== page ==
CondaLinux, Mac, WindowsNo
dportsDragonfly BSD (derived from FreeBSD ports)Yes
Debian PackagesDebian-based (Debian, Ubuntu, etc)No
FreeBSD PortsFreeBSD, Dragonfly BSD*Yes
MacPortsOS XYes
pkgsrcAny POSIXYes
PortageGentoo LinuxYes
Yum/RPMRedhat Enterprise Linux, CentOSNo

A direct comparison of which collection is "biggest" is not really feasible. A raw count of Debian packages will produce a higher number than the others, but this is in part due to the Debian tradition of creating separate packages for documentation (-doc packages) and header files (-dev packages). FreeBSD ports and many other package managers traditionally include documentation and headers in the core package. For example, below are listings of FFTW (fast Fourier transform) packages on Debian and FreeBSD:

Software in the RHEL Yum repository also tends to be older versions than you will find in Debian, FreeBSD, or Gentoo packages.

This is in no way a criticism of Red Hat Enterprise Linux, but simply illustrates that it was designed for a different purpose, namely highly stable enterprise servers running commercial software. The packages in Yum are intended to remain binary compatible with commercial applications for 7 years, not to provide the latest open source applications.

The Pkgsrc software management system can be used to maintain more recent open source software on enterprise Linux systems, separate from the commercial software and support software installed via Yum. Pkgsrc offers over 17,000 packages, most of which are tested on CentOS.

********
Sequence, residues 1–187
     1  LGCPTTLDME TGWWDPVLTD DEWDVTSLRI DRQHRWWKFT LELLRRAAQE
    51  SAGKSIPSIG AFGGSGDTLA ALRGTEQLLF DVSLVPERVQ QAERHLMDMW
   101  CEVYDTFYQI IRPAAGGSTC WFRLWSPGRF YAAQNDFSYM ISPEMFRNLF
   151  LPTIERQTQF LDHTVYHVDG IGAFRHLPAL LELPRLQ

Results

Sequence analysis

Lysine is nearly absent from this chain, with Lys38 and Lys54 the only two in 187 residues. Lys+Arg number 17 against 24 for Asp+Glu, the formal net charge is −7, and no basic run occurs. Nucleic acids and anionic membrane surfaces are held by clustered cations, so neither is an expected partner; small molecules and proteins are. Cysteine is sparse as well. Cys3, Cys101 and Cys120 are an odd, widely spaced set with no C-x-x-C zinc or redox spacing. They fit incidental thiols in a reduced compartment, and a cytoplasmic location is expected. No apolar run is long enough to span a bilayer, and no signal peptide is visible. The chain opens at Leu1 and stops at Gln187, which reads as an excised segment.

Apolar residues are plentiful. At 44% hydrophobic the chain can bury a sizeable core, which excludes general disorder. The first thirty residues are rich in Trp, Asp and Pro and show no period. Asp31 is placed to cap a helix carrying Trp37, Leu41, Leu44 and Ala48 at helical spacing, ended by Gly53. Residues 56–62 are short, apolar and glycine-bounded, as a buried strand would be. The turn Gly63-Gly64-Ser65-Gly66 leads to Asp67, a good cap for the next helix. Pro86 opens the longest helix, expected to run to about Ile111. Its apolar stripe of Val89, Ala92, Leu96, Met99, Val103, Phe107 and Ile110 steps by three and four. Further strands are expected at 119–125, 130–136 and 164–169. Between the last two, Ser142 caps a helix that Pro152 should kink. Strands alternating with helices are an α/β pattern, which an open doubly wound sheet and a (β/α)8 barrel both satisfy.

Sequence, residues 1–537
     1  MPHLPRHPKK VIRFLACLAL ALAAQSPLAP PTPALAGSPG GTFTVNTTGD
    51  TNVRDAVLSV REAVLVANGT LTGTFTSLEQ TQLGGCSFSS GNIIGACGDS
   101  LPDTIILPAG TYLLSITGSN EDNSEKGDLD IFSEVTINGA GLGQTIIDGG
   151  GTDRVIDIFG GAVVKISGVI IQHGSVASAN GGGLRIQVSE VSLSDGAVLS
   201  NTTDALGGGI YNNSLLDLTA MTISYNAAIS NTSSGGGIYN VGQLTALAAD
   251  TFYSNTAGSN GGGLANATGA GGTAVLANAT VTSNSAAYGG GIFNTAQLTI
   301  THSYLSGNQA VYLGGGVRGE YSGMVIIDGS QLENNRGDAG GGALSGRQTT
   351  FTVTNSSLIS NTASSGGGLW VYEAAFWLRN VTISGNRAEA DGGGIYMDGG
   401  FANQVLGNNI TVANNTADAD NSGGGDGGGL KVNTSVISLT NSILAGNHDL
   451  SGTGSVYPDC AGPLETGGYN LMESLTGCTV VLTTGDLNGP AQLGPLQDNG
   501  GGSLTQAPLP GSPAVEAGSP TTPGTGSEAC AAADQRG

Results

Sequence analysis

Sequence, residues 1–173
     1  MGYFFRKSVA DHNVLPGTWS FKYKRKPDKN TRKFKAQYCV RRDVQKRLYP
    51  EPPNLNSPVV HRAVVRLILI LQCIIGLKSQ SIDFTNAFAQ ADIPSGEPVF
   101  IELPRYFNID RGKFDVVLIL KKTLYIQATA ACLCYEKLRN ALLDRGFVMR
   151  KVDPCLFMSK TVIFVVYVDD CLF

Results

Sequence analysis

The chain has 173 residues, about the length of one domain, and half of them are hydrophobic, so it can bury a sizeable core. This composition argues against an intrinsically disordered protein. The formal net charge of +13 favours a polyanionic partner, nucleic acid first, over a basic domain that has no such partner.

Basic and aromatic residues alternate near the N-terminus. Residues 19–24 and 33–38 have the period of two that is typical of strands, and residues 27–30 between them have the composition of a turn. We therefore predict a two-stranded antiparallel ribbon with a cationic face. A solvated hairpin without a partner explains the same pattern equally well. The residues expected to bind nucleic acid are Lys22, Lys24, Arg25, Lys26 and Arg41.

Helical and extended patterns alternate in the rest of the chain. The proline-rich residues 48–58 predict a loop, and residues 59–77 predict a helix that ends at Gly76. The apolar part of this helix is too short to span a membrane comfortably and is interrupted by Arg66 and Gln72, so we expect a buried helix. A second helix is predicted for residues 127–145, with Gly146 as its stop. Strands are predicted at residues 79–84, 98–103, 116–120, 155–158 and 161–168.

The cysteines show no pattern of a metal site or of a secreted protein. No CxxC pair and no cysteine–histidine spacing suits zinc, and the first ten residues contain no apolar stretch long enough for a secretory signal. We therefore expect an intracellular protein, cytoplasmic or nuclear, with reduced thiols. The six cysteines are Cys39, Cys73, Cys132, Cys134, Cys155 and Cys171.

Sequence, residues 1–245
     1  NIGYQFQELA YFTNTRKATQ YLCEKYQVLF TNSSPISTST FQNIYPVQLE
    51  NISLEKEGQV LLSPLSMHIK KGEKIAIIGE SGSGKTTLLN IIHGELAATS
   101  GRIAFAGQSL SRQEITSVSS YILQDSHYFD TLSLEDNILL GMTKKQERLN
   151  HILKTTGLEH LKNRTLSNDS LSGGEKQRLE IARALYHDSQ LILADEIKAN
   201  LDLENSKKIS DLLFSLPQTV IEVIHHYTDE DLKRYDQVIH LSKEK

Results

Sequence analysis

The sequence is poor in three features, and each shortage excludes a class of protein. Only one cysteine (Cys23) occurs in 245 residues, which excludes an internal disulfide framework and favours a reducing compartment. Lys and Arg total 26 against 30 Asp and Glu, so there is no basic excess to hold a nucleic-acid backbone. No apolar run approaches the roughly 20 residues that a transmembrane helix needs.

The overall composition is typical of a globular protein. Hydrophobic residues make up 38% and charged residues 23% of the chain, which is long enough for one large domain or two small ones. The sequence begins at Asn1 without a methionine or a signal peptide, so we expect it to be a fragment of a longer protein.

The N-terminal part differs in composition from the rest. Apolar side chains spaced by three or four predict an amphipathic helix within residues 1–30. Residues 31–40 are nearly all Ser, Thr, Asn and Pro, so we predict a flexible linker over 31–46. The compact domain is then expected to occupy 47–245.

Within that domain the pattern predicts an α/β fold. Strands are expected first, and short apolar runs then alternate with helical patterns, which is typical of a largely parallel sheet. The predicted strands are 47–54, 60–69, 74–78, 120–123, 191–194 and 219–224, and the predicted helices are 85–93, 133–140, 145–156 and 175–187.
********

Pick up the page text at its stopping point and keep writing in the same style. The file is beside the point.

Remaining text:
Pkgsrc has the additional benefit of being the only cross-platform SMS. It can currently be used to install most packages on NetBSD, Dragonfly BSD, Linux, Mac OS X, and Interix (a MS Windows Unix layer).

Even if you have to manually build and install your own software, you can probably install most of the prerequisites from an SMS. Doing so will save you time and avoid conflicting installations of the same package on your system.

Better yet, learn how to create packages for an SMS, so that others don't have to duplicate your effort in the future. Each SMS is a prime example of global collaboration, where each user leverages the work of thousands of others. The best way to support this collaboration is by contributing to it, even if in a very small way.

FreeBSD Ports

The FreeBSD ports system represents one of the largest package collections available, and it runs on a platform offering enterprise stability and near-optimal performance.

29,483 packages as of Feb 2 2018.

Port options allow many possible build option combinations for some ports (R is a good example). Some other package managers would require separate binary packages to provide the same support.

Most core scientific libraries are well-tested and maintained. (BLAS, LAPACK, Eigen, R, Octave, mpich2, openmpi, etc.)

Easy to deploy latest open source software, easy to convert to pkgsrc for deployment on other POSIX systems. Great scientific computing platform and sandbox environment.

Advanced development tools (ports-mgmt category), portlint, stage-qa, poudriere.


Security checks

shell-prompt: pkg install R
shell-prompt: cd /usr/ports/math/R
shell-prompt: make rmconfig
shell-prompt: make install

Port options dialog for R:

Porter's Handbook


Install freebsd-ports-wip:

Add the following to ~root/.porttools:

FULLNAME="Your Full Name"
shell-prompt: pkg install porttools